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No, Zac Efron, you can’t wear dreadlocks ‘just for fun’
Yes, this is an example of cultural appropriation.
Zac Efron has always been a goofy-hunky fan favorite, from his High School Musical days to The Greatest Showman, but his glimmer is fading fast after a recent post on Instagram shows him getting dreadlocks “just for fun.” Critics of his latest look are accusing Efron of cultural appropriation, or using dreadlocks as an accessory or fashion statement without paying respect to the cultures that the style hails from.
In his post on Thursday, Efron is sporting a head full of medium-length, spiky dreads while wearing sunglasses and looking toward the ground like a clueless surfer-bro in a 90s movie. “Just for fun,” he captioned the pic, with a yellow “rock on” hand emoji.
Across Instagram and Twitter, Efron’s fans and critics are doling it out, either waxing about the ways in which his new ‘do is culturally insensitive and an exact representation of appropriation, or defending him and his hair, and asserting that he is being “appreciative” of the cultures from which dreadlocks hail.
“Noo! Why Zac, why?” one fan commented.
“This is why you never extend invites to the cookout to early,” another joked.
Oh Lawds, the commentary in The Shaderoom has me dead on Zac Efron's "locs" pic.twitter.com/vliJiZETNi
— E.Y.E. (@rugby_polonauti) July 5, 2018
“Come on people! Let the ‘cultural appropriation’ go. Step into 2018, there is no ‘cultural appropriation’ anymore. We are all one. It’s people that say ‘dreads are only for the black culture’ that are keeping segregation alive. STOP IT!” a defender commented on the Instagram post.
lmao people saying Zack Efrons dreadlocks are "cultural appropriation" do people not realize that the Vikings, Celts, Germanic tribes, ancient greeks and many other cultures had dreads?? Jesus. #culturalappropriation #ZacEfron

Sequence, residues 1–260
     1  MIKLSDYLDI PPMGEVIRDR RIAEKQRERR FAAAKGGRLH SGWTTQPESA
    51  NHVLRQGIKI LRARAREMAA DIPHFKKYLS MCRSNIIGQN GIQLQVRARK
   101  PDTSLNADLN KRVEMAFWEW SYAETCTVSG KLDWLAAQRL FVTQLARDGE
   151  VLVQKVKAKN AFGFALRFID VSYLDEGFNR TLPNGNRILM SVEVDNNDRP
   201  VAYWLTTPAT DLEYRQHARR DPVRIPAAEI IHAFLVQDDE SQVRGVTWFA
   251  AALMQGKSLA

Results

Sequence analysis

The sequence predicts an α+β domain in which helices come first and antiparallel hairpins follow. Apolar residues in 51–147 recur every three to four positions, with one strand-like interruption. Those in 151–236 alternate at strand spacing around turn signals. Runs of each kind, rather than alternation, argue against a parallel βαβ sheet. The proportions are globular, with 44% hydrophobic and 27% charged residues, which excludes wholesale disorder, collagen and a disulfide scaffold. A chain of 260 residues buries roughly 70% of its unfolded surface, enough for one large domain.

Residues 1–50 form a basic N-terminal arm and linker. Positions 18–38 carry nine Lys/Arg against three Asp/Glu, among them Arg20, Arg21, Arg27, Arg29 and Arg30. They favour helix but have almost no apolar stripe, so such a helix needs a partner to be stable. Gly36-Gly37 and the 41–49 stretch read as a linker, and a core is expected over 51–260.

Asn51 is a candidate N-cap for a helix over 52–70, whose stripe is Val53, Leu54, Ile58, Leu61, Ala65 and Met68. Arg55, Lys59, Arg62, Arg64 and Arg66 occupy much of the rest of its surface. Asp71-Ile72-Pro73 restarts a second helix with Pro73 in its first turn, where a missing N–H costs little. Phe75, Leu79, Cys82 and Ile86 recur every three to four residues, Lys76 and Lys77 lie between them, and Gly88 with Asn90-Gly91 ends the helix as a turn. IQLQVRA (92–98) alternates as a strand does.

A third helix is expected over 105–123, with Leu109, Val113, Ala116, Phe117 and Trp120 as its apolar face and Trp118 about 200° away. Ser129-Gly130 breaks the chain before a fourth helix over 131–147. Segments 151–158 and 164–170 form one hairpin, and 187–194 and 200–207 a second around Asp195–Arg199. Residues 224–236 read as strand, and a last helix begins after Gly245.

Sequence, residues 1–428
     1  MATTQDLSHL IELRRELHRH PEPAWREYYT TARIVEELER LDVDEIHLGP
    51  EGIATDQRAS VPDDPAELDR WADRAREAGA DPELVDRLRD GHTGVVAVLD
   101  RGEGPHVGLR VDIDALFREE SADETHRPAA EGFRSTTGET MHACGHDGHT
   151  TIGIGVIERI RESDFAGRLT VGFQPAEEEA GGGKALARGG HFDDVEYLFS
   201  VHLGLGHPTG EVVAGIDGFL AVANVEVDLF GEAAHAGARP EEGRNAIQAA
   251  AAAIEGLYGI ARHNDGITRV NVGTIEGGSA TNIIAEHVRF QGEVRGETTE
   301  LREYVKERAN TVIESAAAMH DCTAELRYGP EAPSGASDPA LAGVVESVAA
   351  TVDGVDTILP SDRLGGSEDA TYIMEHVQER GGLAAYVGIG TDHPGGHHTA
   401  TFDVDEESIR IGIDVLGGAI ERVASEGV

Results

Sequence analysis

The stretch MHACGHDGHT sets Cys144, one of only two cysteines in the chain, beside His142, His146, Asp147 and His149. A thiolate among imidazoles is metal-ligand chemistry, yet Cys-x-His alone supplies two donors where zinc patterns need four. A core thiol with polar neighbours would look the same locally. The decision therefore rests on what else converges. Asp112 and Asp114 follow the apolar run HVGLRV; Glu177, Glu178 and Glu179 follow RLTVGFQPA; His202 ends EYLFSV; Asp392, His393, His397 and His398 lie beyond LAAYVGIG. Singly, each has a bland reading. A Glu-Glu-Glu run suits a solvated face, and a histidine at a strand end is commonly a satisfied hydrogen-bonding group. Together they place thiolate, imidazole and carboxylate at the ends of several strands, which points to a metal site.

— Melanie (@Supergymmie) July 6, 2018
Despite the kumbaya approach to “one culture,” we are not there in America; the historical context of Efron’s styling decision absolutely matters. According to Ebony, dreadlocks can be connected to several civilizations and races throughout history but became “synonymous with Jamaica” under Marcus Garvey’s leadership for the Rastafari Movement.
The difference between the hairstyle being used by white or Black people in the U.S., however, comes down to the way different races are treated for wearing it. While celebrities such as Efron, Justin Bieber, and Kendall and Kylie Jenner are praised for being “daring” with dreadlocks, Black celebrities such as Zendaya aren’t praised but are told they smell like weed and patchouli oil.
Meanwhile, Black people who aren’t celebrities face retribution for wearing Black hairstyles at school and at work. In the military, Black women were only recently allowed to wear their hair in dreadlocks. However, several courts have ruled that employers are allowed to ban their employees from wearing dreads.
Regardless of historical context, Black people are still discriminated against for wearing their hair naturally or in Black hairstyles, while Efron gets to sport the same style without getting the same negative reaction. And no, Black people wearing “white” relaxed hairstyles isn’t cultural appropriation—they’ve been required to adopt those hairstyles in order to assimilate and succeed in a white-majority society in the U.S., or be harassed and treated as “other” for refusing to do so.
Being that Efron doesn’t openly show appreciation or activism for the people who are discriminated against for wearing dreadlocks, and instead got the dreads “just for fun,” he still misses the mark. (The publicist company managing Efron did not immediately respond to the Daily Dot’s request for comment.)
Hopefully, Efron decides to read the comments of his inflamed post before going a day longer with his new ‘do.
Samantha Grasso is a former IRL staff writer for the Daily Dot with a reporting emphasis on immigration. Her work has appeared on Los Angeles Magazine, Death And Taxes, Revelist, Texts From Last Night, Austin Monthly, and she has previously contributed to Texas Monthly.